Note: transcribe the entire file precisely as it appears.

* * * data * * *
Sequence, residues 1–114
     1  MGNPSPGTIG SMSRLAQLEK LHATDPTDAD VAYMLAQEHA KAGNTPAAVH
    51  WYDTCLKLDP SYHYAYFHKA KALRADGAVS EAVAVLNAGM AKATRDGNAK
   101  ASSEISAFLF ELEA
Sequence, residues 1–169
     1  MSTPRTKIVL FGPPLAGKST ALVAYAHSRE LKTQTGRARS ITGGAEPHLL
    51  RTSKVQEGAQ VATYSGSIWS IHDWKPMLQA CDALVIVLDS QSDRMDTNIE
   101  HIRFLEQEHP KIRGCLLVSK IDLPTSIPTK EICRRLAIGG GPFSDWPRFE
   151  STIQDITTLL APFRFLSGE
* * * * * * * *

Sequence, residues 1–114
     1  MGNPSPGTIG SMSRLAQLEK LHATDPTDAD VAYMLAQEHA KAGNTPAAVH
    51  WYDTCLKLDP SYHYAYFHKA KALRADGAVS EAVAVLNAGM AKATRDGNAK
   101  ASSEISAFLF ELEA
Sequence, residues 1–169
     1  MSTPRTKIVL FGPPLAGKST ALVAYAHSRE LKTQTGRARS ITGGAEPHLL
    51  RTSKVQEGAQ VATYSGSIWS IHDWKPMLQA CDALVIVLDS QSDRMDTNIE
   101  HIRFLEQEHP KIRGCLLVSK IDLPTSIPTK EICRRLAIGG GPFSDWPRFE
   151  STIQDITTLL APFRFLSGE